SARS-CoV-2 primarily relies on the host cell receptor, ACE2, to gain successful cellular entry. Molecular interaction between the SARS-CoV-2’s S protein and ACE2 is accomplished by conformational changes, protease cleavage on the S1/S2 domain, and eventual fusion of viral membrane with host cell membrane [21]. The virus can follow either endocytic or non-endocytic pathways to enter the host cell, and eventually releases its nearly 30 kb genome in the cytosol. Thereafter, a cascade of molecular events leads to synthesis of virus structural and non-structural proteins and multiple copies of viral genomes, which eventually assemble together, forming new viral progenies [22]. Moreover, the S protein is quite immunogenic in nature, leading to the formation of a diverse set of antibodies and memory B cells, each specific to a particular epitope/region/domain of this multidomain structural protein. For instance, a recently published work, employing single-cell sorting, identified 453 neutralizing antibodies and 4277 SARS-CoV-2 spike protein-specific memory B cells from 14 COVID-19 convalescent individuals. This work also shows that there are differential neutralizing capabilities among these antibodies with anti-RBD being the most potent one, followed by the anti-S1 domain, anti-spike protein trimer, and the anti-S2 subunit being the least potent [23]. The most potent antibody may, either in its natural or engineered form, be used as a therapeutic and/or prophylactic measure, and delivered/administered to the patient through intravenous infusion [24][25]. The abovementioned facts are the underlying reason as to why most of the vaccines, irrespective of their type, mainly rely on the S protein as the active antigen ingredient. While choosing therapeutic antibodies, one must also factor in their efficiency and effectiveness against emerging variants of concern (VOC) containing D614G, E484K, and N501Y substitutions [26]. Such variants have been evolving and circulating globally throughout the COVID-19 pandemic, and continue to prevail and show upward infection trend, leading to thousands of death each day around the world. Their rapid global spread is attributed to the acquisition of higher infectivity as a result of favorable mutational changes in the virus genome, especially in the gene encoding S protein. Moreover, diverse antibodies have also been detected against other SARS-CoV-2 structural proteins, such as anti-E, anti-M, and anti-N with varied potential and therapeutic implications [27] (Figure 3). However, the quantities of such antibodies in COVID-19 patients are lower owing to the relatively small molecular sizes of these antigens (M, E, and N proteins), as well as the lesser degree of structural protrusion of their corresponding ectodomains, which are prerequisite for engagement and recognition by B cells and other immune cells. In addition to various structural proteins, non-structural proteins may also acts as antigens as evidenced by the presence of reactive CD4+ T cells against NSP3, NSP4, Orf3a (NS3a), and Orf8 (NS8). Considering all these factors, it may be prudent to design a vaccine, involving both categories of potential antigens, i.e., structural and non-structural proteins, as it may evoke a diverse set of B cells to make antibodies, thereby providing holistic protection against infection. A good vaccine must be able to induce both B and T cells along with formation of corresponding long-term memory cells with minimal or no side effects.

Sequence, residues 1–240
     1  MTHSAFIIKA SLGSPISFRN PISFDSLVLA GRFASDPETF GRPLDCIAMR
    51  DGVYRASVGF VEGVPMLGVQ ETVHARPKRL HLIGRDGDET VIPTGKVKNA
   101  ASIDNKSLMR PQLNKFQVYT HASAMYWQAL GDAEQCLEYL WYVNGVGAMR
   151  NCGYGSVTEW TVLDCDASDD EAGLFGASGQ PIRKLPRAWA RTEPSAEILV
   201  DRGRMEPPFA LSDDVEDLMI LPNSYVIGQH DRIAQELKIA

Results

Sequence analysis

Figure 3. Potential targets on SARS-CoV-2. SARS-CoV-2, the causative organism of COVID-19, possesses four types of structural proteins, namely spike (S), membrane (M), envelope (E), and nucleocapsid (N). Of these, the homotrimeric S protein shows the highest immunogenicity, leading to the production of correspondingly high amount of the anti-S antibody, and generation of memory B and T cells. Anti-M, anti-N and anti-E antibodies, albeit in lesser quantities, are also detected in samples derived from COVID-19 patients.